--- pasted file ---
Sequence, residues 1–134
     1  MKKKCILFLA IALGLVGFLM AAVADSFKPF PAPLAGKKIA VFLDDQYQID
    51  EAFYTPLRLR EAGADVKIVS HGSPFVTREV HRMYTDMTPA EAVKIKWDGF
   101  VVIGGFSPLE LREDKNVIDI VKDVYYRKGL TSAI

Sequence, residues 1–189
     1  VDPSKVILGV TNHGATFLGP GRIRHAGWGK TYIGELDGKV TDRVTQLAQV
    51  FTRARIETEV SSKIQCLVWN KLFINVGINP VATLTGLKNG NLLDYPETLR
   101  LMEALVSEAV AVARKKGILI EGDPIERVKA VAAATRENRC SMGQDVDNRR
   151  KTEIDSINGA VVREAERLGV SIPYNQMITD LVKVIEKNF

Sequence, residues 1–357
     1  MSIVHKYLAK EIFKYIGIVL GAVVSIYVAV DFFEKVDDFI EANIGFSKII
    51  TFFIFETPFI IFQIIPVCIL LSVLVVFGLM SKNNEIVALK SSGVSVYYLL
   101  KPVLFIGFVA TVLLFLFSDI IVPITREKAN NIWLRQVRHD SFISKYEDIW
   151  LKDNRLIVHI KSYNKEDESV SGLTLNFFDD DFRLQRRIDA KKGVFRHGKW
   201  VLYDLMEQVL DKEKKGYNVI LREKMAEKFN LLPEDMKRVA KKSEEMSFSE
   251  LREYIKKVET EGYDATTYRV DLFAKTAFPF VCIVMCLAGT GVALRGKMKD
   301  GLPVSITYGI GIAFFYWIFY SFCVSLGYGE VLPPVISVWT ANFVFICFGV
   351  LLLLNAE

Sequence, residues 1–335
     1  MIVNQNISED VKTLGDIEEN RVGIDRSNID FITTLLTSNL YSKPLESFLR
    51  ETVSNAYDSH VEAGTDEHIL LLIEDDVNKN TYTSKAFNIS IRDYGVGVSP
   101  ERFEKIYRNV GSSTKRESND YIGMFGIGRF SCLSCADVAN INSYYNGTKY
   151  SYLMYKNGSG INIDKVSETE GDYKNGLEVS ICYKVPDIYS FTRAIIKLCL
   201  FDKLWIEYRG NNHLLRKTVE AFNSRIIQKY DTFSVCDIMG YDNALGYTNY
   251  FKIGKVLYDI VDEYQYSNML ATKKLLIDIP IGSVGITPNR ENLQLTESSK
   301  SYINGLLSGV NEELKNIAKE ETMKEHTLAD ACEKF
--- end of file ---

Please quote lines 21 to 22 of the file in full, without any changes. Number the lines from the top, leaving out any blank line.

    51  ETVSNAYDSH VEAGTDEHIL LLIEDDVNKN TYTSKAFNIS IRDYGVGVSP
   101  ERFEKIYRNV GSSTKRESND YIGMFGIGRF SCLSCADVAN INSYYNGTKY